Every burger joint has a story. Whether it's a family-run business three generations deep or an upscale slider joint appropriating a historic space, we find that we spend a fair amount of time in our "burger column" talking about the history of these places — and with good reason. Burger joints rely on repeat business, and, even when the burgers are great, there's usually at least a little gimmickry involved. Every decent burger joint has a trick or a tale, such as the rectangular burgers at Marcus Burger, the 10-pound "Monster Burger" at Mallie's Sports Grill & Bar, or the 85-year history of Motz's.
At Dearborn's Famous Hamburger, it's a little of both. The tale is amazing. In the late 1960s, Hussein Hider returned to his native Beirut from the United States and opened a burger joint called Famous Hamburger in 1970. Unfortunately, a 15-year conflict known as the Lebanese Civil War was in the offing, and in the late 1980s, Hider's son Feisal brought his family to the United States, with the dream of establishing a Famous Hamburger location. In 1998, that dream became a reality. In 2005, the restaurant relocated to its present Schaefer Road location. Now there's one in Canton, and there are plans for another one in west Dearborn, at Howard Street and Michigan Avenue.
If the mini-chain is a growing concern, a large part of that is owed to the tricks of the trade Famous puts into its burgers. We've enjoyed a few over the years. They're a tribute to the really wonderful things Middle Eastern cooks can do with halal beef. Complex, full of ingredients instead of additives, a patty is elevated to something like a meatloaf, only more succulent.
Famous is one of those places that serves all sorts of burgers — "the Juicy Lucy," the "California Avocado," "the French Croissant," the "Fish Burger," the Crispy Chicken Burger," and many more — but, purists that we are, we went simple. We ordered the classic burger, medium, which came with tomato, shredded iceberg lettuce, red onion, and sweet crinkle-cut pickle slices. It came with a goodly pile of what appeared to be hand-cut fries.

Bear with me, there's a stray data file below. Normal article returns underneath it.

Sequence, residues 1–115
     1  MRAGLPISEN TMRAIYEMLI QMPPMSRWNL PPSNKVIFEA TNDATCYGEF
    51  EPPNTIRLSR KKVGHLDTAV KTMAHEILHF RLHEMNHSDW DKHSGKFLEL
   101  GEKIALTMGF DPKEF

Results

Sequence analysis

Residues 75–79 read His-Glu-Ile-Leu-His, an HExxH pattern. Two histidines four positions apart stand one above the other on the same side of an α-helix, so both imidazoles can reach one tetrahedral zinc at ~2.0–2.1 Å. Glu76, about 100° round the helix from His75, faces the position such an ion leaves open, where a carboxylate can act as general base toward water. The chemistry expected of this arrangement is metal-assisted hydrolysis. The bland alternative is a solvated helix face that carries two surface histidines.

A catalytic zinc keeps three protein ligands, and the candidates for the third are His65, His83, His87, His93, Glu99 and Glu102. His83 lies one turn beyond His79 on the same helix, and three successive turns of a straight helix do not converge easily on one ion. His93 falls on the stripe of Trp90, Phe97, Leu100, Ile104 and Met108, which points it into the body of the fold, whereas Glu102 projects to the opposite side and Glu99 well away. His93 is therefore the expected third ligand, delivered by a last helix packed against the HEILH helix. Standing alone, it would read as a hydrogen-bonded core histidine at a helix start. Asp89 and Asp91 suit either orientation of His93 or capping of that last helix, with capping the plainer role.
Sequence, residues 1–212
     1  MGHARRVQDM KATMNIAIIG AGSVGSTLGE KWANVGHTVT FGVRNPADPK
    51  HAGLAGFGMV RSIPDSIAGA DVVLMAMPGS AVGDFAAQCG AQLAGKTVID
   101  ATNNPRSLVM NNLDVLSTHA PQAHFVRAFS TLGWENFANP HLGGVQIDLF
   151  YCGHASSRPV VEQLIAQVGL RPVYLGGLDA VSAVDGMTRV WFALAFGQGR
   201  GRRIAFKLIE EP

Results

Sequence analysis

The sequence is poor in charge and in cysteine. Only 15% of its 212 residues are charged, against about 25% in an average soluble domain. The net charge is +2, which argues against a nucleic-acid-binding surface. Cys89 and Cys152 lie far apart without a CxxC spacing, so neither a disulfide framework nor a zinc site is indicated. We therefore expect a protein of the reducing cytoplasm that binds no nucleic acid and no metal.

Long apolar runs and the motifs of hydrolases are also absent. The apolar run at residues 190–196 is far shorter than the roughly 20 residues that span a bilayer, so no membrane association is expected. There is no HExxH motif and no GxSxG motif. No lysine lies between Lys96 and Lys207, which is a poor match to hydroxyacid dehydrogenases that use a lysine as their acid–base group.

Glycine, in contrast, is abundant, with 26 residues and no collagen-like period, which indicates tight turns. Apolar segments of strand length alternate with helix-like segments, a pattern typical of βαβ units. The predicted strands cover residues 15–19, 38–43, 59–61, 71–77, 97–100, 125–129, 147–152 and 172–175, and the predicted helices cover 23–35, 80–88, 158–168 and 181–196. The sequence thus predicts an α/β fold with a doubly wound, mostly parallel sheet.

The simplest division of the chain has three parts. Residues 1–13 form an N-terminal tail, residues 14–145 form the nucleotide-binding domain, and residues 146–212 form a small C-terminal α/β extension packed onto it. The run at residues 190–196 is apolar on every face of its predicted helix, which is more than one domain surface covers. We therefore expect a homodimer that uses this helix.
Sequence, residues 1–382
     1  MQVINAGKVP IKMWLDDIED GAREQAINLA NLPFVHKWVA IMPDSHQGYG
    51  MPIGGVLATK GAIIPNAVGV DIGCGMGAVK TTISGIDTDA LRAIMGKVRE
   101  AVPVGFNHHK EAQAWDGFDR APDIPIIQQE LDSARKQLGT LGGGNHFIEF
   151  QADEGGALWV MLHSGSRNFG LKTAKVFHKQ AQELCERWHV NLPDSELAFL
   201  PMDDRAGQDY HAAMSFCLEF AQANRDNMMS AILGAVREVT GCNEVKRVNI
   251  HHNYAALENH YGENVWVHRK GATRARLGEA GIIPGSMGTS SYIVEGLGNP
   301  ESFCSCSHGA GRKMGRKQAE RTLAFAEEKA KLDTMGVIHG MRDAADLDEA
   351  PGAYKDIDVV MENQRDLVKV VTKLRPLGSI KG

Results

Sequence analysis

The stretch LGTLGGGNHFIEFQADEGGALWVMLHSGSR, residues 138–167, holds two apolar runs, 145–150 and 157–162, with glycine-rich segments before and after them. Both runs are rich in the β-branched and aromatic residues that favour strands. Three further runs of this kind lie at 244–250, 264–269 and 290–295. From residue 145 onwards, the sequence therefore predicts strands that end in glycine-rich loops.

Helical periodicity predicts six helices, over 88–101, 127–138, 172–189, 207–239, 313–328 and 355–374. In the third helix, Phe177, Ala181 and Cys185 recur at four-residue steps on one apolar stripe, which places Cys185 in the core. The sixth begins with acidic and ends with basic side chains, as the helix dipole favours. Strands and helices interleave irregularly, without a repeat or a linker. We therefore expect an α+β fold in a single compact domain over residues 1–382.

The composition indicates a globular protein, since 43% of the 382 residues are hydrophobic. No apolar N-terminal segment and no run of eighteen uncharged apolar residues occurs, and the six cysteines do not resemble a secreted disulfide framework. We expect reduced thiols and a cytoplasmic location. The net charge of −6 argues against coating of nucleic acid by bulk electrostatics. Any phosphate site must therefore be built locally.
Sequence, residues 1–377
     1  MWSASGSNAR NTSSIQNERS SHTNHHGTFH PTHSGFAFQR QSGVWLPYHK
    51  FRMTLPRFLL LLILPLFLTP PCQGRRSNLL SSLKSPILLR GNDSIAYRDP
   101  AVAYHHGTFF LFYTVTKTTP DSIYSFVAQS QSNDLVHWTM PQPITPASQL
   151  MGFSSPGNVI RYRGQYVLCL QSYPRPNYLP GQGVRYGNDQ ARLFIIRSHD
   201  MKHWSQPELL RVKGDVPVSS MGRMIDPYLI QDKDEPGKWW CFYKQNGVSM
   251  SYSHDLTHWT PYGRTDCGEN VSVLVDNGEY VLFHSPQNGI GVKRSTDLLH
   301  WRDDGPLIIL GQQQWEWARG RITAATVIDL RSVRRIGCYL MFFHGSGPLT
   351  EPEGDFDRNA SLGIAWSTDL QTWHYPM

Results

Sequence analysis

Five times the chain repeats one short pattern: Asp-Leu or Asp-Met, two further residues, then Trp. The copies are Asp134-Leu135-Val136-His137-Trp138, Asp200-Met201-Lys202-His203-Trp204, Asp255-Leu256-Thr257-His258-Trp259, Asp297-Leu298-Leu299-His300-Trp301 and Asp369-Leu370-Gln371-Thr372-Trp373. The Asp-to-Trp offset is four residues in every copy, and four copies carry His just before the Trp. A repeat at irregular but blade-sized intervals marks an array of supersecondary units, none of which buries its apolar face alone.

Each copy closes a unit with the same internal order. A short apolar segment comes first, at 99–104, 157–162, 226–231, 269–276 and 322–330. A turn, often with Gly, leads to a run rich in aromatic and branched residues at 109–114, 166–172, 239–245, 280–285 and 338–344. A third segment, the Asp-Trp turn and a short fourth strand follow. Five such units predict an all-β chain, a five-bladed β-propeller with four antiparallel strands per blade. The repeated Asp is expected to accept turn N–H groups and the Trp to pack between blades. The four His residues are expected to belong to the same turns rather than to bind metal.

We'll get to that burger, but, man, are those fries good. It's either a tough science or a fine art to get the inside of the fry creamy and the outside crisp enough to shatter, but they do it well here. Little bits of skin on the end would seem to suggest they didn't come frozen in a bag. Great fries.
The burger is excellent. It's comparable to M&M Cafe's "Maurice Burger," but with less vegetable matter. This finely ground burger, made from chuck, is enriched with spices. Juices spill out of it. It's a pleasure to eat, and almost impossible not to inhale. Also, the bun is not too big, and, since a couple months ago, each "handcrafted artisan bun" comes emblazoned with the logo of the restaurant. (All those social media meal photos presented too tempting an advertising opportunity?)
We spoke to the general manager, Moe Hider, and asked what spices we saw in the burger. The dark flakes visible on the medium patty. Were they pepper? That was our guess.
"You can have as many guesses as you want," he told us with a laugh. "I just can't tell you anything. I'll lose my job."
Given the winning ways of the Hider family's secret recipe, we certainly respect such tight-lipped practices. Guess we'll just have to keep coming back for more. — mt
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